Eminem performs onstage with Kuniva of D12 for the release party of his new album Relapse at the Sound Board stage in the Motor City Casino in Detroit, on Tuesday, May 19, 2009. (Photo: Kimberly P. Mitchell, Detroit Free Press)
The status of original, priceless master recordings by a host of top-name artists remained up in the air Tuesday following an explosive report revealing the true devastation of a 2008 Hollywood fire.
They include recordings by Detroit rapper Eminem. His tape reels were named among a slew of musical works in the New York Times’ investigation into the fire on the Universal Studios lot, which destroyed a vault that may have contained 175,000 multitrack recordings, session masters and outtakes by “a genre-spanning who’s who of 20th- and 21st-century popular music,” as reporter Jody Rosen writes.
Although the fire was widely reported in 2008, the Times story contends that Universal Music, the world’s biggest record company, hid the staggering scope of the loss from the public and even affected artists. The facility apparently housed master tapes of music by Chuck Berry, Louis Armstrong, Nirvana, Tom Petty, Elton John, Ray Charles, George Jones and many others, according to the Times story.
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Universal has storage facilities across the country, and it’s difficult to get a comprehensive accounting of which tapes were housed where at the time of the fire. That seems to be the case for Eminem: His representatives were unable to say Tuesday which of the rapper’s master tapes may have been stored in the vault that was destroyed.
However, “I’m fairly confident that most, if not all, of the masters are backed up,” Eminem spokesman Dennis Dennehy told the Detroit Free Press.
Indeed, those tapes seem to have been painstakingly duplicated onto digital media just in the nick of time — months before the June 2008 disaster.
Joel Martin, operator of 54 Sound studio in Ferndale and manager of Eminem’s former production team, the Bass Brothers, said his team digitized all of the tape reels at hand in early 2008. That included Eminem music recorded at 54 Sound — such as “The Marshall Mathers LP,” “The Eminem Show” and hits such as “Lose Yourself” — along with tapes created in Los Angeles with producers such as Dr. Dre.
Martin said he was spurred to undertake the “thorough process” of backing up the tapes when Universal, Eminem’s label, requested that all of the rapper’s recording reels be sent to L.A.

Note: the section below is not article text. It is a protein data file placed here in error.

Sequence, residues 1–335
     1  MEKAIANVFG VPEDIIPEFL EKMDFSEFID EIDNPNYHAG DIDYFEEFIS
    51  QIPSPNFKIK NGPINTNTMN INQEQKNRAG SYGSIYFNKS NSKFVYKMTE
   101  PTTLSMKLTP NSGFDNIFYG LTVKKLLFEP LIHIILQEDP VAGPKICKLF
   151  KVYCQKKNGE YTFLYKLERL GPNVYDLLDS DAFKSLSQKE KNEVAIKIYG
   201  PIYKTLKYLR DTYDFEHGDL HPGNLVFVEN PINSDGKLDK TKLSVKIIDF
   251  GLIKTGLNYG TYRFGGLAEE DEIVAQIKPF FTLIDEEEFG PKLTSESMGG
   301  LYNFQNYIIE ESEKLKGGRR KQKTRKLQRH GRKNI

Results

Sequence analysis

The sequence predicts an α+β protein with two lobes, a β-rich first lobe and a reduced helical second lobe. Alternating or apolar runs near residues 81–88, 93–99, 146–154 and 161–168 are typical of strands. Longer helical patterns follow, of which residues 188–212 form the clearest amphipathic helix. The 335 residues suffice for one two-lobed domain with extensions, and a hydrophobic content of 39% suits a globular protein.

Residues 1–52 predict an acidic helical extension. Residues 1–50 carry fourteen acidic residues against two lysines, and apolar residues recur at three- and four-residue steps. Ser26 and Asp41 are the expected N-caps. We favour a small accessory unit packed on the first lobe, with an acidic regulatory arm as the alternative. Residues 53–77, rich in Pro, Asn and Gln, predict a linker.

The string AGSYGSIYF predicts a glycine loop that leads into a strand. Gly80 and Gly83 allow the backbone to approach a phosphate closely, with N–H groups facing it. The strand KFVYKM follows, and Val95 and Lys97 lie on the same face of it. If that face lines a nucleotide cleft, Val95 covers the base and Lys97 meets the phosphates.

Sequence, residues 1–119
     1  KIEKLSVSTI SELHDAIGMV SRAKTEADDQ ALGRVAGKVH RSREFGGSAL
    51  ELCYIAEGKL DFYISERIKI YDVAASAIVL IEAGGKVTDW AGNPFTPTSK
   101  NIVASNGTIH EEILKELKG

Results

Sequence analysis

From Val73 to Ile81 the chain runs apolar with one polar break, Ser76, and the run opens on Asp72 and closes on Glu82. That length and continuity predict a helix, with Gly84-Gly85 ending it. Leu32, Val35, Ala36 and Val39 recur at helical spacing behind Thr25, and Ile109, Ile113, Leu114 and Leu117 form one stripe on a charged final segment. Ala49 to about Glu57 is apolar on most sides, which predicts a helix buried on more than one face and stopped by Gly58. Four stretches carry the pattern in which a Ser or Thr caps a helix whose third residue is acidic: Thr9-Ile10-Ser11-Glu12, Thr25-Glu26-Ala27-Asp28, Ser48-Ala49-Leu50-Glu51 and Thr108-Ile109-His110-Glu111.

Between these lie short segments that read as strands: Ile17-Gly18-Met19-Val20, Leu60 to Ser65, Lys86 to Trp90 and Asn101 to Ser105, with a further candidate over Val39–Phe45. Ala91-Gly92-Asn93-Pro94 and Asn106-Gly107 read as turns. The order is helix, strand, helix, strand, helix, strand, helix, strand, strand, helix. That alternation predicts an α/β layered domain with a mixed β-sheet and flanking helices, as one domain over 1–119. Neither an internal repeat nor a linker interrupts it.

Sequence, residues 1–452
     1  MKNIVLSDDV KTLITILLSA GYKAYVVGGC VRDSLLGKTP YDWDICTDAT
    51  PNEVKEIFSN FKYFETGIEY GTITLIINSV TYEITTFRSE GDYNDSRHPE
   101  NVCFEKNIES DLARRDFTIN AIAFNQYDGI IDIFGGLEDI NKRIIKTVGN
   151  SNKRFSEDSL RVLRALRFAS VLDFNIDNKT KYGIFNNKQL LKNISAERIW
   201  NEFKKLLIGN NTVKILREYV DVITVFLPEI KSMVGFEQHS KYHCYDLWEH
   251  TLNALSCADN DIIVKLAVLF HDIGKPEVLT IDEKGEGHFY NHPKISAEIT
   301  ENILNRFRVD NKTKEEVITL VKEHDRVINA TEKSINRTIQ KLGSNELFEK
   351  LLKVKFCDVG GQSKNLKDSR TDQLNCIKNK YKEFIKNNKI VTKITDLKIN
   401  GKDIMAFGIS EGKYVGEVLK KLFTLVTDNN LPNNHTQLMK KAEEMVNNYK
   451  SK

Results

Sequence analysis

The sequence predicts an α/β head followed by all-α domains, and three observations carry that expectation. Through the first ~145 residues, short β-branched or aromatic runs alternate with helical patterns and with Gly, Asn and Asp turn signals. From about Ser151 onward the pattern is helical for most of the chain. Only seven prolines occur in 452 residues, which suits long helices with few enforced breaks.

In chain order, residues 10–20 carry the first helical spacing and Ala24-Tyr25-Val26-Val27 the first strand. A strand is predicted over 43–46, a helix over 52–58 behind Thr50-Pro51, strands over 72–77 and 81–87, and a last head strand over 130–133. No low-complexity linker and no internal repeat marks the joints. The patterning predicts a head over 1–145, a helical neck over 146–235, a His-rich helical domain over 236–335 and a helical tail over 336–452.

“They was some type of effort underway to get all of the master tapes into one place,” Martin said. However, he noted, “I’m not sure where (Universal) kept them.”
Rare video captures Eminem and the Bass Brothers 20 years ago during the “The Slim Shady LP” release (Photo: Mandi Wright)
The backups, while vital, still don’t equate to the original session reels — the first-generation magnetic tape bearing the cleanest, most precise document of the music. And digital media has its own long-term issues with degradation and compatibility.
Still, Martin’s backup effort included Eminem’s raw 24-track tapes, containing all of the assorted vocals, instruments, beats and other sounds captured in isolation. That’s crucial for future remixing projects and other uses of the music that made Eminem the best-selling recording artist in the first decade of the 2000s.
Eminem isn’t the only iconic Detroit music figure whose original recordings may have been destroyed in the Universal fire: The Times reports the casualties apparently included the master tape of Highland Park native Bill Haley’s “Rock Around the Clock,” the towering 1955 single that topped the Billboard chart to launch the rock ‘n’ roll era.
And the earliest recordings by teenage Aretha Franklin — gospel music captured at Detroit’s New Bethel Baptist Church — were also “very likely lost” in the fire, the Times reports.
An earlier calamity had already destroyed the masters and multitracks for much of the Queen of Soul’s best-known work: Her session reels for Atlantic Records in the ’60s, a body of work including songs such as “Respect” and “Chain of Fools,” were wiped out by fire at a New Jersey warehouse in 1978.
That disaster helps illustrate the potential impact of the 2008 Universal fire: Every post-1978 reissue of vintage Aretha Franklin music has been drawn from sources well down the line from the pure multitrack tapes. In 2017, for instance, the producers of an album blending classic Franklin recordings with the London Philharmonic Orchestra were relegated to using the singer’s stereo masters, limiting their flexibility with the project.
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Contact Detroit Free Press music writer Brian McCollum: 313-223-4450 or firstname.lastname@example.org.
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